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LinkedIn Study Reveals the Skills Employers (Really) Want

LinkedIn Study Reveals the Skills Employers (Really) Want
Credit: Sergey Nivens/Shutterstock

You're in the middle of a job interview. The hiring manager looks up from your résumé and asks, "What are your biggest strengths?" Do you say you're passionate, organized and a team player? Or do you play up your past leadership roles and ability to think outside the box? It turns out that, for employers, these traits may not be the most important skills in a candidate.

A recent study by LinkedIn reveals that when it comes to interviewing and hiring early-career professionals, employers aren't just considering their education, experience and job skills. They are also looking for specific soft skills and personality traits — and how these characteristics rank may surprise you.  

LinkedIn defines this group of early-career professionals as those with zero to three years of experience. If you fall within this range, here's what it takes to get hired in today's job market. [10 Ways to Make a Perfect LinkedIn Profile]

Specific skills

Can you resolve issues independently? Are you a fast learner? If so, you're ahead of the game, the study revealed. The two most important skills employers look for are problem-solving skills (65 percent) — defined as the ability to see and create solutions when faced with challenges — and being a good learner (64 percent) by learning new concepts quickly and being adaptable in new situations.

Employers also look for candidates who have strong analytical skills: 46 percent of the employers surveyed said early-career hires need to be able to use logical reasoning.

Communication skills are also essential. The ability to clearly communicate ideas while speaking plays a much more important role than doing so in writing, however. The study revealed that 45 percent of employers want to hire people with strong oral communication skills, whereas only 22 percent consider strong written communication skills to be crucial.

Furthermore, creativity with the ability to think outside the box (21 percent) and being tech-savvy (16 percent) are also pluses for employers.

Not good with numbers? Don't fret. Only 6 percent of employers said they're looking for strong mathematical and statistical skills.

Personality traits

You may have heard that being passionate about the job and demonstrating leadership skills play a huge role in helping you get hired. Though those traits may be important, they may not be as critical as you think, the study revealed.

The most important personality trait that employers look for in early-career professionals is the ability to collaborate. Fifty-five percent of employers put a premium on the ability to work well with others. A close runner-up was the ability to work hard, with 52 percent of employers preferring candidates who have strong work ethics and go above and beyond.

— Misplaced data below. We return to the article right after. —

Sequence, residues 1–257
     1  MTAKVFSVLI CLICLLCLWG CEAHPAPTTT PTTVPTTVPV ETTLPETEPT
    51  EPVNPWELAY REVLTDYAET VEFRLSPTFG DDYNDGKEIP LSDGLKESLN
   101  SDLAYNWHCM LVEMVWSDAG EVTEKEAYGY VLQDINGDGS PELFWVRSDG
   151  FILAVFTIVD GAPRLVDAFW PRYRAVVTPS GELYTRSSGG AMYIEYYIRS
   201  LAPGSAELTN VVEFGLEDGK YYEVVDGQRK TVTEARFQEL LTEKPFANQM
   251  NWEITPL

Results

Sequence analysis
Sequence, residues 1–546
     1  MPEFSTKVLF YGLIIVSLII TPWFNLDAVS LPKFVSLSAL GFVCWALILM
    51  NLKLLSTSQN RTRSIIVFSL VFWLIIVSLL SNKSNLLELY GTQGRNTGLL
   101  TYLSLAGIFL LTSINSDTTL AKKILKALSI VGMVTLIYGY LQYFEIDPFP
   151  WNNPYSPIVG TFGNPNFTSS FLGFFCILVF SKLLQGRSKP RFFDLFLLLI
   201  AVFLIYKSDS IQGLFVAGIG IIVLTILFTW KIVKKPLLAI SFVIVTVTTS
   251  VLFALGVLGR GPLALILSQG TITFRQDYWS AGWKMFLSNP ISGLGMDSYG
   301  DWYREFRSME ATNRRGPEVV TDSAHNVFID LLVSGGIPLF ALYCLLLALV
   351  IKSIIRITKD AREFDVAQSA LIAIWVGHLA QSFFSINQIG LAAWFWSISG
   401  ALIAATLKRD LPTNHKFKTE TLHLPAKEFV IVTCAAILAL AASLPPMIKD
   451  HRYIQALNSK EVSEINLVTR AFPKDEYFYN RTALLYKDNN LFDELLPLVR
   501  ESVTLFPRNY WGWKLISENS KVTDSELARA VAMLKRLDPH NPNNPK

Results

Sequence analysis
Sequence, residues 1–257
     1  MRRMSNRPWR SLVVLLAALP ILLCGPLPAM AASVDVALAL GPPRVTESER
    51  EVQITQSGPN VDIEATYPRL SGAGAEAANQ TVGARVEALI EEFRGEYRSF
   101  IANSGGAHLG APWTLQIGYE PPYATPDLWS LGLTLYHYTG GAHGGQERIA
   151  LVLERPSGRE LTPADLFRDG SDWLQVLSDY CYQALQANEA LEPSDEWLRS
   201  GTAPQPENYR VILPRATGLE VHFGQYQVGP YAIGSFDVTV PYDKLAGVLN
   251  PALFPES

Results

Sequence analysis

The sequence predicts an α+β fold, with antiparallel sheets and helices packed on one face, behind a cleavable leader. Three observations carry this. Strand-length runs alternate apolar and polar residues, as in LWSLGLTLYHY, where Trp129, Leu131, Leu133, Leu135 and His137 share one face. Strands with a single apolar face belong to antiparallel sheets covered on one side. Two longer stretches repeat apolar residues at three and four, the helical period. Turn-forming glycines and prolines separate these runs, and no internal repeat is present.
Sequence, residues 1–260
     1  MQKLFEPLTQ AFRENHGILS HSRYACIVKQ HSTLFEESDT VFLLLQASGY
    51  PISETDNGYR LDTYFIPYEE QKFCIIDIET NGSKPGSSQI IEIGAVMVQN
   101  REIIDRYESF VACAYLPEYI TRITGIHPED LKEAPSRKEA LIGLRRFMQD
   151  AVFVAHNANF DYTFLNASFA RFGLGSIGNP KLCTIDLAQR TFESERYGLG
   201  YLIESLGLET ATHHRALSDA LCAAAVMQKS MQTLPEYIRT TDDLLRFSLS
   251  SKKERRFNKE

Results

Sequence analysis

Having a positive attitude also goes a long way for 45 percent of employers, while 31 percent said being passionate by demonstrating enthusiasm for their work and the business's values is also important.

Additionally, employers look for candidates who are organized (29 percent) and resilient (21 percent). Leadership skills, as well as the ability to inspire and influence others, are also important (17 percent), and some employers are searching for candidates who aren't afraid to challenge the status quo (14 percent).

Some less-important personality traits employers look for are punctuality (13 percent), the ability to take direction well (12 percent) and compassion (5 percent).

Role-based skills

But the types of skills employers are looking for also depend highly on the position and industry. LinkedIn's study found that hiring managers look for these specific skill sets when interviewing and hiring for sales, marketing and consulting roles:

  • For sales roles: Candidates should possess strong oral communication skills and a good attitude that shows optimism and maintains positive energy.
  • For marketing/PR roles: Creativity, passion and strong written communication skills are key to a great hire.
  • For consulting roles: Employers look for candidates with strong analytical and written communication skills.

The study was conducted in July 2014 and surveyed more than 1,400 U.S. hiring managers at Fortune 500 companies.

Originally published on Business News Daily.

Sara Angeles

Sara is a Los Angeles-based tech writer for Business.com, Business News Daily and Tom's IT Pro. A graduate of the University of California, Irvine, she has worked as a freelance writer and copywriter for tech publications, lifestyle brands and nonprofit organizations in the Southern California area and throughout the U.S. Sara joined the Purch team in 2013.